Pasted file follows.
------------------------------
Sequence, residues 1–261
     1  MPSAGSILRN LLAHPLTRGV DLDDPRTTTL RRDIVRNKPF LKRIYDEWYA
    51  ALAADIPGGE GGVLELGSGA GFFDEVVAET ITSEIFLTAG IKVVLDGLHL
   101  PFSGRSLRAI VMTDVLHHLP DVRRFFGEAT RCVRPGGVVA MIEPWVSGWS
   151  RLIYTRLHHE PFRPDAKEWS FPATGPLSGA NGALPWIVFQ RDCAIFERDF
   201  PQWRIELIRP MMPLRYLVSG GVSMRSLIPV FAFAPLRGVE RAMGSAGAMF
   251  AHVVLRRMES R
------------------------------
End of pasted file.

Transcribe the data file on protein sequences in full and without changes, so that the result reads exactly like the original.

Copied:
Sequence, residues 1–261
     1  MPSAGSILRN LLAHPLTRGV DLDDPRTTTL RRDIVRNKPF LKRIYDEWYA
    51  ALAADIPGGE GGVLELGSGA GFFDEVVAET ITSEIFLTAG IKVVLDGLHL
   101  PFSGRSLRAI VMTDVLHHLP DVRRFFGEAT RCVRPGGVVA MIEPWVSGWS
   151  RLIYTRLHHE PFRPDAKEWS FPATGPLSGA NGALPWIVFQ RDCAIFERDF
   201  PQWRIELIRP MMPLRYLVSG GVSMRSLIPV FAFAPLRGVE RAMGSAGAMF
   251  AHVVLRRMES R